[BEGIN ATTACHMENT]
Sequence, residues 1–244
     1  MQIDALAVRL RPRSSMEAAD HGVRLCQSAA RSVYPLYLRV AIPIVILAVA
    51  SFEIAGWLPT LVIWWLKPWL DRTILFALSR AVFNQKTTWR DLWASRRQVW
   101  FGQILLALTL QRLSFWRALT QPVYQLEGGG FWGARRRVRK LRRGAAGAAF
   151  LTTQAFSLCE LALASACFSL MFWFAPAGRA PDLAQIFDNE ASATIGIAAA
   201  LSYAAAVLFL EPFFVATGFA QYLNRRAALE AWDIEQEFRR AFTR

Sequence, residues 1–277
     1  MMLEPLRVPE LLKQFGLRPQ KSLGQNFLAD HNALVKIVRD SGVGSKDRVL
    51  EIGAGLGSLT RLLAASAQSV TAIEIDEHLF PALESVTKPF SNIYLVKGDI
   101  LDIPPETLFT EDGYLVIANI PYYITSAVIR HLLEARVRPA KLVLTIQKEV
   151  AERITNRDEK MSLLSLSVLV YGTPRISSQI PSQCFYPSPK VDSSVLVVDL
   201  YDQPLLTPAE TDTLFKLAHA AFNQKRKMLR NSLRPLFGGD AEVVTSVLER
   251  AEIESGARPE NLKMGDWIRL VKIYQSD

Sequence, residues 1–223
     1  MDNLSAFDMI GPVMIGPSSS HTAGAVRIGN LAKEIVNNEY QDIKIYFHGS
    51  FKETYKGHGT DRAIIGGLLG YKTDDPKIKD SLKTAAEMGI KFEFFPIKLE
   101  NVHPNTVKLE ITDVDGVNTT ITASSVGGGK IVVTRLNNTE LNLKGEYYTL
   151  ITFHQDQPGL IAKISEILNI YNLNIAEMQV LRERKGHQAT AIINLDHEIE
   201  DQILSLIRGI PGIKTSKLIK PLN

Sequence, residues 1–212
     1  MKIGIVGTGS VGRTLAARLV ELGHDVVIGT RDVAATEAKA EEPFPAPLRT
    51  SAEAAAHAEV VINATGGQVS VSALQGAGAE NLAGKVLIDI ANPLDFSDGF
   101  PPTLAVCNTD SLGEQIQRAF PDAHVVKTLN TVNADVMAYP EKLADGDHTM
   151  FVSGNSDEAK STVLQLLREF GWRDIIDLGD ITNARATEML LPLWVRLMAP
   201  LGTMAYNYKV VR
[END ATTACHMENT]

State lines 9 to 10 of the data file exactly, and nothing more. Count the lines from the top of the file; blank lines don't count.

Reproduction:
    51  EIGAGLGSLT RLLAASAQSV TAIEIDEHLF PALESVTKPF SNIYLVKGDI
   101  LDIPPETLFT EDGYLVIANI PYYITSAVIR HLLEARVRPA KLVLTIQKEV